Good point nip. Back in 1989 it was the visit by Gorbachev of the USSR to Beijing in mid May that caused the Chinese leadership to play nice for a while. They even kept Zhao Ziyang on as General Secretary of the Communist Party for Gorbachev's visit but within days he had been effectively purged and it had been decided to impose martial law.

https://en.wikipedia.org/wiki/1989_Sino-Soviet_Summit



--------------------
"The market can stay irrational longer than you can stay solvent." John Maynard Keynes

"The crisis takes a much longer time coming than you think, and then it happens much faster than you would have thought." Rudiger Dornbush

Mozart fixes everything and Messi is a dog
 
nipper
post Posted: Jun 16 2019, 04:30 PM
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Posts: 5,864
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While Beijing is publicly ­arguing the [extradition law] issue is one for the Hong Kong government, it its making its views of the situation on its southern border crystal clear.
QUOTE
“Any civilised society ruled by law cannot tolerate illegal ­behaviours that devastate peace and tranquillity and defy the law,” Foreign Ministry spokesman Geng Shuang said.
(lol) (don't mention Huawei)

- any (temporary) back down by Beijing is merely a cosmetic nod to the upcoming G20 meeting.



--------------------
"Every long-term security is nothing more than a claim on some expected future stream of cash that will be delivered into the hands of investors over time. For a given stream of expected future cash payments, the higher the price investors pay today for that stream of cash, the lower the long-term return they will achieve on their investment over time." - Dr John Hussman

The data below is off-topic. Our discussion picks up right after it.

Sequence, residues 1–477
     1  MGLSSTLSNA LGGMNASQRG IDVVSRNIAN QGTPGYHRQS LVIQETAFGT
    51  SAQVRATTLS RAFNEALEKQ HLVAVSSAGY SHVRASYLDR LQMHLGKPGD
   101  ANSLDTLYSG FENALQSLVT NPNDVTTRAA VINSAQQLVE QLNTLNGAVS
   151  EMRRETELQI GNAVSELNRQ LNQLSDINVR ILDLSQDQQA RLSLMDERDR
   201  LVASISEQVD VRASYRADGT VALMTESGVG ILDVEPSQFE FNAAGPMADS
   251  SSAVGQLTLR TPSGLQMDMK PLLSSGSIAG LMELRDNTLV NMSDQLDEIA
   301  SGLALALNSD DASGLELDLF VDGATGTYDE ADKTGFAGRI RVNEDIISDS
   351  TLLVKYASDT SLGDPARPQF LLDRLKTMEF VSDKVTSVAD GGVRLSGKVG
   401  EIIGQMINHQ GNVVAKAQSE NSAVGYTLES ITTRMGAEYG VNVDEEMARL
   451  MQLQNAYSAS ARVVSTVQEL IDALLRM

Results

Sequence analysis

"If I had even the slightest grasp upon my own faculties, I would not make essays, I would make decisions." ― Michel de Montaigne

Said 'Thanks' for this post: triage  
 


jacsar
post Posted: Jun 3 2019, 12:01 AM
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In Reply To: nipper's post @ Jun 2 2019, 04:21 PM

thanks nipper, was on one of the Qantas crews that was part of the evacuation of westerners out of Beijing.. photos always bring back many memories


Said 'Thanks' for this post: nipper  
 
nipper
post Posted: Jun 2 2019, 04:21 PM
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The thread title is China the Monster. Thirty years on ....

https://www.npr.org/sections/pictureshow/20...ng-on-for-china



--------------------
"Every long-term security is nothing more than a claim on some expected future stream of cash that will be delivered into the hands of investors over time. For a given stream of expected future cash payments, the higher the price investors pay today for that stream of cash, the lower the long-term return they will achieve on their investment over time." - Dr John Hussman